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Decellularisation Process to Produce Graft for Transplantation; Repopulation Capacity of Human MSCS

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Shortage of graft for tissue or organ replacement until currently is still an issue worldwide. There are many source options for the graft transplantation, such as autograft, allograft and synthetics, however none of them are ideal. Currently, a technique to remove cells from an allogeneic or xenogeneic tissue while retaining matrix histoarchitecture is promising to generate an acellular biological graft, which possesses regeneration capability comparable to the autograft. In this study, the capability of the decellularized graft to allow cellular repopulation to initiate regeneration process was investigated. porcine patellar tendon (PPT) was used as the source of the graft. They were decellularised (n = 20) using chemical, mechanical, physical and enzymatic processes. The decellularised tendon scaffolds were analysed for their acellularity, ECM structure and components, quantity of DNA remains, sterility and biocompatibility. Human mesenchymal stem cells (human MSCs) were analysed for their mesenchymal properties. Seeding techniques were investigated; using seeding ring (n = 3) and direct method (n = 3). Both conditions had the target seeding density of 105 cells ยท cm−2. The capability of the decellularised scaffold to facilitate cellular attachment was measured using viability assay; qualitatively using Live/Dead staining (Life technology) and quantitatively using ATP counts (Perkin Elmer). all decellularised tendon scaffolds had fulfilled the criteria for an acellular graft and human MSCs possessed mesenchymal properties. Both seeding methods showed cellular attachment. Viability assay of cells seeded using seeding rings was significantly lower compared to the direct method (p < 0.05). acellular tendon scaffold using current decellularisation protocol had generated tendon scaffold that allowed cellular attachment.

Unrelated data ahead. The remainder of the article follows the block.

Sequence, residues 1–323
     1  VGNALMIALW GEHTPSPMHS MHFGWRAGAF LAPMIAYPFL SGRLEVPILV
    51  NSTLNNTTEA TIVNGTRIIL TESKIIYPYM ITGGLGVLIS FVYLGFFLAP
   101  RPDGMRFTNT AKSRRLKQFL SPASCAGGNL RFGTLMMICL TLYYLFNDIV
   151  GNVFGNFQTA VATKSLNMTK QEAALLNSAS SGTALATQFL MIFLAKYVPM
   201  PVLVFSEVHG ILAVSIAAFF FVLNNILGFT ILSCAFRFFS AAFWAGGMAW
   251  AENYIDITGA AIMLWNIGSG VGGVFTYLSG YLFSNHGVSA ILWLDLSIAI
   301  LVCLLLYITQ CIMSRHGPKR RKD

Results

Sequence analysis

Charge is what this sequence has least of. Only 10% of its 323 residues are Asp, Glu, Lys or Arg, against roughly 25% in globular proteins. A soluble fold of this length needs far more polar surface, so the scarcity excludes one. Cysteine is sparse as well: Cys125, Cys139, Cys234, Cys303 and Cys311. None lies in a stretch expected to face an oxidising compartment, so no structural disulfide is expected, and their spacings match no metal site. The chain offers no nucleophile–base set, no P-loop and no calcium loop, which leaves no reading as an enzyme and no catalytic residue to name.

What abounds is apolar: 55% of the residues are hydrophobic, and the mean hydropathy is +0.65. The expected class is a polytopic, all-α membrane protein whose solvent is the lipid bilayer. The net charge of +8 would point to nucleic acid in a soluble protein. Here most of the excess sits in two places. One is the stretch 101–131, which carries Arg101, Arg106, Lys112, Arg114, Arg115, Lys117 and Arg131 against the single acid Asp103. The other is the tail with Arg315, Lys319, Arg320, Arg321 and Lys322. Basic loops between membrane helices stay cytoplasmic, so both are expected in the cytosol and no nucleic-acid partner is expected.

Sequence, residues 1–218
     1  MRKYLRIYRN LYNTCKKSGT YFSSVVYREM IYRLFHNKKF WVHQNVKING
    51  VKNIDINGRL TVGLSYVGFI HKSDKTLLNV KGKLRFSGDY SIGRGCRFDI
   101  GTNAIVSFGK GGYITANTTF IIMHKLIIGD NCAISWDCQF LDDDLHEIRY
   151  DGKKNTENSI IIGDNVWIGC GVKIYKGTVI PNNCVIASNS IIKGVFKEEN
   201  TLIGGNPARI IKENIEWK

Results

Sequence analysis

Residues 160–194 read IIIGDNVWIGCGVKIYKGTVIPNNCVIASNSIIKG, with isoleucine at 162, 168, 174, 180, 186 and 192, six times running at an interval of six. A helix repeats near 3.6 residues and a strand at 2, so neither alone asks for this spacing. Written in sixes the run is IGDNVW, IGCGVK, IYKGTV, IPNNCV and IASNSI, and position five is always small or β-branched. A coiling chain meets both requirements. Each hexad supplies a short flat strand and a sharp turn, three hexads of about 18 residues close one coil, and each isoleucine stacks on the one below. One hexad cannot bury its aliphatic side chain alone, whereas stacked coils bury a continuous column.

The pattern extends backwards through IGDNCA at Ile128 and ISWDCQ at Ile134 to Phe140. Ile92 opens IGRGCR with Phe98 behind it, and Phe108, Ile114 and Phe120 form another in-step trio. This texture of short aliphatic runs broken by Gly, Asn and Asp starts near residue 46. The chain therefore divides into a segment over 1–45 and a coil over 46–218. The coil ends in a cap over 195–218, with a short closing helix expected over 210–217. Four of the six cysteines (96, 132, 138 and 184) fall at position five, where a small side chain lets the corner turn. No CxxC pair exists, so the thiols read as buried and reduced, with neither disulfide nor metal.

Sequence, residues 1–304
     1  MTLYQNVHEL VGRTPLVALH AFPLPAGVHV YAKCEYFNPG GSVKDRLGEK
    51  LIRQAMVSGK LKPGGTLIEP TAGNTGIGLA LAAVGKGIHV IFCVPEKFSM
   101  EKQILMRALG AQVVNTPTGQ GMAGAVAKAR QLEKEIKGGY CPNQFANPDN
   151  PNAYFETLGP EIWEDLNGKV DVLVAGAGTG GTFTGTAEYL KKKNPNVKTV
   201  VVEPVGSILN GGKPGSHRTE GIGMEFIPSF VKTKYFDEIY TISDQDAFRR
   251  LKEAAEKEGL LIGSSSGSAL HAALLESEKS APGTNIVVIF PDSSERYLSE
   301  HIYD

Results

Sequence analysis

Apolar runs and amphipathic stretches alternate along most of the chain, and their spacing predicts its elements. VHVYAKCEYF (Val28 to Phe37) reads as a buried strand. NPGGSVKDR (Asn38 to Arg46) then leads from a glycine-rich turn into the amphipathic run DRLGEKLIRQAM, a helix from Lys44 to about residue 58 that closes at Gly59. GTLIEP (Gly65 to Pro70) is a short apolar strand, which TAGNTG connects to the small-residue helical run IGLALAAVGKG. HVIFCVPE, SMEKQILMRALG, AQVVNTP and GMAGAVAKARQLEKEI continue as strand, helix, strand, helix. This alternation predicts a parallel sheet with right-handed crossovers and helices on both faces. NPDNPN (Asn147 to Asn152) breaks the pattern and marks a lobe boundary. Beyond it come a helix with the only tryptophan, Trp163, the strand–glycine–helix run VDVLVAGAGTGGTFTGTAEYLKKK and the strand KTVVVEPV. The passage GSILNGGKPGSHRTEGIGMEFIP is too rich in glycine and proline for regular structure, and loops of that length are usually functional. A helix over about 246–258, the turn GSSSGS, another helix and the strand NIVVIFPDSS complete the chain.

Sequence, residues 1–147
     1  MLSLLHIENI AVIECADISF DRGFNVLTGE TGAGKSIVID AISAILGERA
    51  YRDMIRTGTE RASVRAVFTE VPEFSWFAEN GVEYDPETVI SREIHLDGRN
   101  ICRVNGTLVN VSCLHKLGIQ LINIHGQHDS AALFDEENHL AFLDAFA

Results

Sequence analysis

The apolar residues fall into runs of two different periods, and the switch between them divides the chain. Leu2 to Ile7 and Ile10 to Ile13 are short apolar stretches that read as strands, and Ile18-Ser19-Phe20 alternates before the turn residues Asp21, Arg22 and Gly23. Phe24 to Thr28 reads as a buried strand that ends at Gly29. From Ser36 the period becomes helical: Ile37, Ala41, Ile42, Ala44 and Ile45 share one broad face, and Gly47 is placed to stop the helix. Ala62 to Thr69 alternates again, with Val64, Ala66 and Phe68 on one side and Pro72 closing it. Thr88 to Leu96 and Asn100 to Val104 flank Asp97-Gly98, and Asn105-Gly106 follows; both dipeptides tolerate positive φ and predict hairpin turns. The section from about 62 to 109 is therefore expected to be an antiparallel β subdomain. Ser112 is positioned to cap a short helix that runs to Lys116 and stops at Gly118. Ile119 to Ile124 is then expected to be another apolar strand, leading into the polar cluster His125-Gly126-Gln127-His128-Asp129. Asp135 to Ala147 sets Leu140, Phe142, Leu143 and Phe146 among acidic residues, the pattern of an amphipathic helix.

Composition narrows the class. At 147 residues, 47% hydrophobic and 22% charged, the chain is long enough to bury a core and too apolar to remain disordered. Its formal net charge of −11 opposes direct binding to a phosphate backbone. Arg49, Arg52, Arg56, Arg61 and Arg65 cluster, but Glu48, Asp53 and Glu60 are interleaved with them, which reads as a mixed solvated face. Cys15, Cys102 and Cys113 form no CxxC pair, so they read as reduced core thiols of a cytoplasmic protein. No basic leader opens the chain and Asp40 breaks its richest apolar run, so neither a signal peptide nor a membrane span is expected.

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Keywords: Biological Graft; Decellularization; Scaffold; Seeding Technique; Viability Assay

Document Type: Research Article

Affiliations: Institute of Medical and Biological Engineering, University of Leeds, LS1 9JT, UK

Publication date: September 1, 2018

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